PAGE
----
A monument stands here in memory of Antoine D’Arces (d.1517), more commonly known as the White Knight or, round these parts, plain old ‘Bawtie’.

It is believed that the knight’s body was buried nearby, perhaps without his head, which had rotted away on a spike at Wedderburn Castle for 300 years.

His death was an international event in 1517 and the story is remembered in a traditional ballad ‘Death of de la Beaute’. The tale became popular again in the 19th century, when local writer JM Wilson, included it in his newspaper serial ‘Wilson’s Tales of the Borders’, published between 1834-40.

During the reign of King James V (born 1512 – died 1542), Scotland witnessed some rather turbulent times and it seems that murder and revenge killings between rival political families were commonplace. Antoine, or the White Knight, was a favourite of James V and had made his way up the political ladder, finally being appointed Lord of the Marches by the King. This position was traditionally held by members of the Home family of Wedderburn Castle and so they were not best pleased at the new appointment. Antoine believed the Homes to be guilty of the killing of one of his fellow Frenchmen, in revenge for the murder of one of their kin. Antoine chased down David Home, Laird of Wedderburn, and George Home. But during the ensuing chase Antoine fell into difficulties. He tried to cross the Whiteadder at Broomhouse but his horse fell and, now at a disadvantage, he was slain by other members of the Home clan. George Home is said to have chopped off Antoine’s head. In Wilson’s Tale, he relates: ‘let the Regent climb when he returns from France for the head of his favourite – it is thus that Home of Wedderburn revenges the murder of his kindred.’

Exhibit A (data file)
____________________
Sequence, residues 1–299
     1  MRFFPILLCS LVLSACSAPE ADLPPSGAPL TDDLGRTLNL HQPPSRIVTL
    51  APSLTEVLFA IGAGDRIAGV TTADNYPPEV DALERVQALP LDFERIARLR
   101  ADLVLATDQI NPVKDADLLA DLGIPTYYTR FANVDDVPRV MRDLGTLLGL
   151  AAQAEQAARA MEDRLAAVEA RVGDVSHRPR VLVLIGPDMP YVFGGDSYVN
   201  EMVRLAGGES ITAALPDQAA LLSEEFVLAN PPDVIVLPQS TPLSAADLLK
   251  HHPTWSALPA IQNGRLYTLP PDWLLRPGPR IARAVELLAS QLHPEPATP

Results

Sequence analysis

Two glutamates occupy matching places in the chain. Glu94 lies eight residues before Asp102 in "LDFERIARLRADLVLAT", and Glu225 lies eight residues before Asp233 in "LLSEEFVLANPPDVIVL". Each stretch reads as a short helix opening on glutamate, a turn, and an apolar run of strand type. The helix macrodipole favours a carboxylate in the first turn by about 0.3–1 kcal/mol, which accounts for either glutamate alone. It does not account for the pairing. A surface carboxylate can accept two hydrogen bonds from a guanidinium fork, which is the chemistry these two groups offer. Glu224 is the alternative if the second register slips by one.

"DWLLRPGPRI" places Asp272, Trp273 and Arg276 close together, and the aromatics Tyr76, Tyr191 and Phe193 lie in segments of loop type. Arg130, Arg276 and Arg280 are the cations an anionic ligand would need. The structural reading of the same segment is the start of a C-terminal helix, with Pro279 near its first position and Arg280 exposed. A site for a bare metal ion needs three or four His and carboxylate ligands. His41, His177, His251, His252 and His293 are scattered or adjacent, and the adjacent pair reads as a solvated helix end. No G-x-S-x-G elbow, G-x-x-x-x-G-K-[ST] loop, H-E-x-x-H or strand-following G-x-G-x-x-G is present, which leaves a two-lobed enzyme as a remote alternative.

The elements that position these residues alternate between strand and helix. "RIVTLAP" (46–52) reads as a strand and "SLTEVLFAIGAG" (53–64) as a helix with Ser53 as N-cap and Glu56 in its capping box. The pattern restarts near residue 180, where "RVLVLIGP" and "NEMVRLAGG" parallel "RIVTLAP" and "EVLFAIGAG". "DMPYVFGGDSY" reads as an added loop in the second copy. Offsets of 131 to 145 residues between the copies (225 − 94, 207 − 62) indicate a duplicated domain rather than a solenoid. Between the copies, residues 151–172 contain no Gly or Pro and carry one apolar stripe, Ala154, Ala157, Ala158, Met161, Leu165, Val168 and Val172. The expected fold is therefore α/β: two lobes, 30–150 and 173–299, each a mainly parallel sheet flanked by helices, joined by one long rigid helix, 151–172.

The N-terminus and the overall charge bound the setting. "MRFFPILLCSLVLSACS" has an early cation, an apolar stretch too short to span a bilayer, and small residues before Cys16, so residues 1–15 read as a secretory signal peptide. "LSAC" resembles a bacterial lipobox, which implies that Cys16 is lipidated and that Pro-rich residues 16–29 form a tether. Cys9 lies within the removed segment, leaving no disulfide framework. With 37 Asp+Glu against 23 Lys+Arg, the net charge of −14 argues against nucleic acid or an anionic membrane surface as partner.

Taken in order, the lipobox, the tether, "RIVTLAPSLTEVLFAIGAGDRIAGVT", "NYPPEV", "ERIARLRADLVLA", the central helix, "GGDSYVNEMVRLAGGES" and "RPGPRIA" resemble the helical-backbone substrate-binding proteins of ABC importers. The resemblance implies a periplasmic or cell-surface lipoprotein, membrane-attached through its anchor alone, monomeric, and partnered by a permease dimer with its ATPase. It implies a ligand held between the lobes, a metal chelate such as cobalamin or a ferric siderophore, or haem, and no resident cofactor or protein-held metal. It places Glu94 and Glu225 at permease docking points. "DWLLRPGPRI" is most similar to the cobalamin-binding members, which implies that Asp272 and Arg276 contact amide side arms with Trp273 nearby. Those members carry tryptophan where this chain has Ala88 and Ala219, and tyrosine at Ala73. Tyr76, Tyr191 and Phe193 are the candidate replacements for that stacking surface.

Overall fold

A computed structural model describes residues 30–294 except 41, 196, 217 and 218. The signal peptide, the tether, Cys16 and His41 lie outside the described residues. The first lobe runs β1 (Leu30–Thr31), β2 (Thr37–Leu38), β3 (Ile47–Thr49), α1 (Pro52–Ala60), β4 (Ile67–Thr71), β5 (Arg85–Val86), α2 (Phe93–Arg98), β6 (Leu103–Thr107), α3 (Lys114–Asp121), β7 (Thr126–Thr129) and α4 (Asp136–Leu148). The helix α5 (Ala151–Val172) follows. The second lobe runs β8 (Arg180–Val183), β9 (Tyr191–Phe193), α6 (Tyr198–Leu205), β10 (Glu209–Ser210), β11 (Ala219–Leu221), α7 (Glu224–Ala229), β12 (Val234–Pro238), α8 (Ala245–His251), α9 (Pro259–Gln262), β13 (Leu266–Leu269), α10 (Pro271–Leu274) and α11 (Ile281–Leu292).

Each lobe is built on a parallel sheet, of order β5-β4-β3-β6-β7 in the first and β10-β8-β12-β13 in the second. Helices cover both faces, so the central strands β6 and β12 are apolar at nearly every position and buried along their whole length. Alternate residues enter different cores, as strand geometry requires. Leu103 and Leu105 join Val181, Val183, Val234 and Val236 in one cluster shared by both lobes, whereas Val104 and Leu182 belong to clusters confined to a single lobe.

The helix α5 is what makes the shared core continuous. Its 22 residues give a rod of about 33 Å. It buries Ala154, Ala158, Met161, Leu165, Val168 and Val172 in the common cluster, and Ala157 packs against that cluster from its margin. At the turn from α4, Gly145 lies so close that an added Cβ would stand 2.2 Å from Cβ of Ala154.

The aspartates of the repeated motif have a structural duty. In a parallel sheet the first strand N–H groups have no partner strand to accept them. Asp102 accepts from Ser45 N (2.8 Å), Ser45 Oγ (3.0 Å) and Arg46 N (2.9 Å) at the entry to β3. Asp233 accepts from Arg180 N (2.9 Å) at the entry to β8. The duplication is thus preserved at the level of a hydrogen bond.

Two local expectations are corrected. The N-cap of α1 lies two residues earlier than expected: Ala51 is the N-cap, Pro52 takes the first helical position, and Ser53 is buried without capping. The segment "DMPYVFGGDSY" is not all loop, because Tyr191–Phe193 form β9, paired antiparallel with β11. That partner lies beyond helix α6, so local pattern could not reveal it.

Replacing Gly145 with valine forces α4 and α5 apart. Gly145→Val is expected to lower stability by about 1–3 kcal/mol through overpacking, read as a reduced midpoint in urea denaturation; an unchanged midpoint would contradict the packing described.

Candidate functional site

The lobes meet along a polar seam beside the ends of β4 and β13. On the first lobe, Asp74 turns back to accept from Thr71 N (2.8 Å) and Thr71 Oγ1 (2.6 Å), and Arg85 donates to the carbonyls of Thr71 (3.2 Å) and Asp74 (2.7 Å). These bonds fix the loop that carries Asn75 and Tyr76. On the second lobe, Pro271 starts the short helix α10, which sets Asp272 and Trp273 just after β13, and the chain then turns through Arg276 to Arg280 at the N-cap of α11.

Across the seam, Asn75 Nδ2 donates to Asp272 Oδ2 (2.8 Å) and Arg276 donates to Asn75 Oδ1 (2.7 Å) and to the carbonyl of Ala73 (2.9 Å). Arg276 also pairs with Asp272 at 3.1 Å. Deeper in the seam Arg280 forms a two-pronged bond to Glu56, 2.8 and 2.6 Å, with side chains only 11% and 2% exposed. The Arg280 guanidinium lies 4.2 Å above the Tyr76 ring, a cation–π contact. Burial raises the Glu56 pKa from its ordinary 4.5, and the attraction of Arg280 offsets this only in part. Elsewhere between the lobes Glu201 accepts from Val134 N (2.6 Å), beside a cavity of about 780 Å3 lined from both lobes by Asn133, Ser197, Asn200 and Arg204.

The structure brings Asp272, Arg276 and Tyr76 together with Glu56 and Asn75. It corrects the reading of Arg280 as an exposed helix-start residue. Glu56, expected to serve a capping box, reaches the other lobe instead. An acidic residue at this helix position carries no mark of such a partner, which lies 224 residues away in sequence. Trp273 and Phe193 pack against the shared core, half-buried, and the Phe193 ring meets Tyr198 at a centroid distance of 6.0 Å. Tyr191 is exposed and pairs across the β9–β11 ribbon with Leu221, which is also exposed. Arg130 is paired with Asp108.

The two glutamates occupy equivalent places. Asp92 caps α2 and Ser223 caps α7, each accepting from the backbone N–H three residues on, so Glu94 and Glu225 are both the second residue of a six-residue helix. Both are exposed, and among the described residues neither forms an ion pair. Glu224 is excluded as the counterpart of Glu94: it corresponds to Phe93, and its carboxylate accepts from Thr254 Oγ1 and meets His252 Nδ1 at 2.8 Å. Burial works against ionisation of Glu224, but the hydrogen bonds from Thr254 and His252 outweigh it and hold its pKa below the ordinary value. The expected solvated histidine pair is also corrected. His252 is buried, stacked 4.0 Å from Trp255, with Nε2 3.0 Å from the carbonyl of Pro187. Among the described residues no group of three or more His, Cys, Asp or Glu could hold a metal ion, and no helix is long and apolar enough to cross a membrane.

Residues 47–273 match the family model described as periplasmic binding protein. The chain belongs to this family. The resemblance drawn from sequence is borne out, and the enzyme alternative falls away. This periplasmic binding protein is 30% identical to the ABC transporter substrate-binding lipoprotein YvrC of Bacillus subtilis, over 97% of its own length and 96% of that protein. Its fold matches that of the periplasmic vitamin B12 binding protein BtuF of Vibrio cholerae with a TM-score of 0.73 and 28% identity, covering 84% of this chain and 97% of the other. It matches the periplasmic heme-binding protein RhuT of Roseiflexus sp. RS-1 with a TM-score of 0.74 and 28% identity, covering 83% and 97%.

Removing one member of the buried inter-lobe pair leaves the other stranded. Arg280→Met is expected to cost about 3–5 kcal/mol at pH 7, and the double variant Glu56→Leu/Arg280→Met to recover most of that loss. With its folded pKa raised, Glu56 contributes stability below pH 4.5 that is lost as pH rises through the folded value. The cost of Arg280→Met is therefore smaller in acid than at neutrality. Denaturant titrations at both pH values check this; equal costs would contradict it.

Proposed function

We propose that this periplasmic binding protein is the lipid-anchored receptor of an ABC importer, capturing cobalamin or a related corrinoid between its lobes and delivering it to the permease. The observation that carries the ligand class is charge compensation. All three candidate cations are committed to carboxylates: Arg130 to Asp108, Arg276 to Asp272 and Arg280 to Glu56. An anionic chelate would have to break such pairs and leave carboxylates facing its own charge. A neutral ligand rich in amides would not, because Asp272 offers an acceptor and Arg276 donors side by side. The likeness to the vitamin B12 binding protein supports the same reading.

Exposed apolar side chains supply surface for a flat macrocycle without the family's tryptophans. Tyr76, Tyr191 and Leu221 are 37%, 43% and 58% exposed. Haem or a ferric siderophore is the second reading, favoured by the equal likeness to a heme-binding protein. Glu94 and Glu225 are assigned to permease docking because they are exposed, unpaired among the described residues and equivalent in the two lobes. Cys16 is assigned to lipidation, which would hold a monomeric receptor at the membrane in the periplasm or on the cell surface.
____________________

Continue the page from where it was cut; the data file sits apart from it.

It was acts of revenge all around. A 16th-century chronicler, Lindsay of Pitscottie, claims that David Home kept a plait of Antoine’s hair as a souvenir. The Homes took it one step further – the White Knight’s head was taken to Wedderburn Castle where it was put on a stake and remained there for 300 years, from 1517 to 1810. The old ballad ‘Death of de la Beaute’ remembers the story and this grisly detail:

'To Castle Hume they've ta'en the head 
And fixed it to the wall 
Where it remained mony a day 
Till it in pieces fell.'